Tips For Renters: Working With Property Management Firms
Most apartment complexes and even some rental homes are actually managed by a property firm. You may not ever meet the actual property owner, since most of your dealing will be with the property management firm. The following tips can help you have a good experience when working with these third party companies.
Tip #1: Create your own paper trail
Most property managers are skilled at creating a paper trail to protect both themselves and your from any issues down the road. Just in case, though, it is also a good idea to know what kind of paperwork to keep:
A copy of the lease and any related addendum, such as pet agreements.
A move-in report. If you aren't provided one, fill out your own documenting any damage or wear on the unit. Take photographs, if necessary. Turn in a signed copy to the firm and keep a copy for yourself.
Copies of any invoices or receipts from work completed on the unit during the time you live there.
Copies of canceled checks or receipts for all payments you make, including rent and deposits.
Tip #2: Ask about maintenance expectations
Are you expected to switch out light bulbs or handle minor issues, such as a clogged toilet? For rental homes, is grounds-keeping your responsibility or that of the owner? Talk to the property manager if these things aren't clear in the lease so you aren't surprised with a bill or the need to make your own repair arrangements. For example, a non-structurally damaging crack may be considered cosmetic, so the property manager nor owner is expected to fix it.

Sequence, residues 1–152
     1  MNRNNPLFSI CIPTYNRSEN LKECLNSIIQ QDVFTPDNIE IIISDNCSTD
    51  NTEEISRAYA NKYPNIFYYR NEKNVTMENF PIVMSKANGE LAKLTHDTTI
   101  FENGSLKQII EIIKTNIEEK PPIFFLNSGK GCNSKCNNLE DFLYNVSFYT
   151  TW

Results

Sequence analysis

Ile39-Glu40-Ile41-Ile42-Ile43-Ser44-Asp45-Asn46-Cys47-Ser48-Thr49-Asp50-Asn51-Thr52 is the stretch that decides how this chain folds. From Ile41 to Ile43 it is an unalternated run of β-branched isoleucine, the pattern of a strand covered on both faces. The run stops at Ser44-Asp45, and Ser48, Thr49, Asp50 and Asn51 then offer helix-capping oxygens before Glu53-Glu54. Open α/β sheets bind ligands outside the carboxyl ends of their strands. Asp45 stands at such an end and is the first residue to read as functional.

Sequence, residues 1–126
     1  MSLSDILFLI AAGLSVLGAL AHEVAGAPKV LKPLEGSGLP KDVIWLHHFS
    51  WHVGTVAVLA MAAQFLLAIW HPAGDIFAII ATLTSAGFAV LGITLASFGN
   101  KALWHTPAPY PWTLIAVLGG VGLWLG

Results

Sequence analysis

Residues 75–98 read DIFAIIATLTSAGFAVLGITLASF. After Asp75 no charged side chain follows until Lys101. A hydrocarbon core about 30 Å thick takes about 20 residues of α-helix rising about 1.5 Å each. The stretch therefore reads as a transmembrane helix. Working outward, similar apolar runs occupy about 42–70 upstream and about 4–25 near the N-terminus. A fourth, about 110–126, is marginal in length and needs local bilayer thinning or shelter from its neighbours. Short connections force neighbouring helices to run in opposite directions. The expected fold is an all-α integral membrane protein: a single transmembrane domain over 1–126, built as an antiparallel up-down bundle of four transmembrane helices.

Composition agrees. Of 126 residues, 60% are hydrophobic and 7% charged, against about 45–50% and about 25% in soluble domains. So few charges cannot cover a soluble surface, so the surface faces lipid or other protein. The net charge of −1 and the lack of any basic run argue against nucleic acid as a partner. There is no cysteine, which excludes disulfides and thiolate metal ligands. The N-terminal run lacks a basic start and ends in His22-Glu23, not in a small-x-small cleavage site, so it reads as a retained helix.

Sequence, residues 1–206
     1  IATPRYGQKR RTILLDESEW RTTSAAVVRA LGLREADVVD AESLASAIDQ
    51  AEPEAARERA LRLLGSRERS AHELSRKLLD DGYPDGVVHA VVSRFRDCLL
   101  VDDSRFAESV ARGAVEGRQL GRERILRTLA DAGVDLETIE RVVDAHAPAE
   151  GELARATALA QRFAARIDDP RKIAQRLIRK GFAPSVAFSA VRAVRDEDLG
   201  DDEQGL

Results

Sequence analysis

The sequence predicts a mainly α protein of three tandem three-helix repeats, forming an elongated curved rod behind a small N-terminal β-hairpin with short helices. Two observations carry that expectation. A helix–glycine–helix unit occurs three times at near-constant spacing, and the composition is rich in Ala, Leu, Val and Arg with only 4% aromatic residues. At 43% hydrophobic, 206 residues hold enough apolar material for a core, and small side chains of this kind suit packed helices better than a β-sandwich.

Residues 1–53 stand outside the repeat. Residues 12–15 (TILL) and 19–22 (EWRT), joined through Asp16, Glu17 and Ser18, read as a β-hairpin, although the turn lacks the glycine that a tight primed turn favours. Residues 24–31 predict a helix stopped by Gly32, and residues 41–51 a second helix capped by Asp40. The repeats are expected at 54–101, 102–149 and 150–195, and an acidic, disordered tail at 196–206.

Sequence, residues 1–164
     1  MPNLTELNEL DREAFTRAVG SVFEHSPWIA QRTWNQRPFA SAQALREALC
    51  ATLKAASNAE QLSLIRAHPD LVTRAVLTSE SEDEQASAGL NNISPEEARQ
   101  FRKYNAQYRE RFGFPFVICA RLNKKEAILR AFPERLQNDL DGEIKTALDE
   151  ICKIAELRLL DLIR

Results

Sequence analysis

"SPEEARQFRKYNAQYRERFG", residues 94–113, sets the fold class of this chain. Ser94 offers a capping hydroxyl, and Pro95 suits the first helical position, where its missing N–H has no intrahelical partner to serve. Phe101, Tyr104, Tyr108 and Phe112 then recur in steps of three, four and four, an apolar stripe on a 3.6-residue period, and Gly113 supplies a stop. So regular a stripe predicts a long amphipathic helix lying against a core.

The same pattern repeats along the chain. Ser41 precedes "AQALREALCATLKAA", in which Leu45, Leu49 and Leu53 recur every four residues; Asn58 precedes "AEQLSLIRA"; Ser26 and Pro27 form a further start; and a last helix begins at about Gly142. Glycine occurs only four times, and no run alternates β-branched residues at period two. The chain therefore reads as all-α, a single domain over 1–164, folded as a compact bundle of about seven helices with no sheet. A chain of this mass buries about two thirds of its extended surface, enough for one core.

Tip #3: Know the emergency repair protocol
Ask the property firm ahead of time what the protocol is for an emergency, such as repairing a furnace on the coldest night of the year. Some firms will provide you with an emergency handyman service number to contact, while others prefer you to call them first because they have their own repair staff. Still others encourage you to bring in your own repairman and then bill the property owner for the repair.
Tip #4: Be upfront with issues
Don't try to hide things from your property manager. Their goal is to work with the tenants on behalf of the owner, but their loyalty is to the owner. This means they will be forced to evict you if you fail to pay rent, are chronically late, or are damaging the unit. It doesn't matter how nice or friendly they seem – they must do their job. Be upfront if you have issues. Discuss options if you will be late on rent, for example. Many property managers and owners are willing to work out payment arrangements with otherwise good tenants for a short-term financial difficulty. Click here to learn more about property management in your area.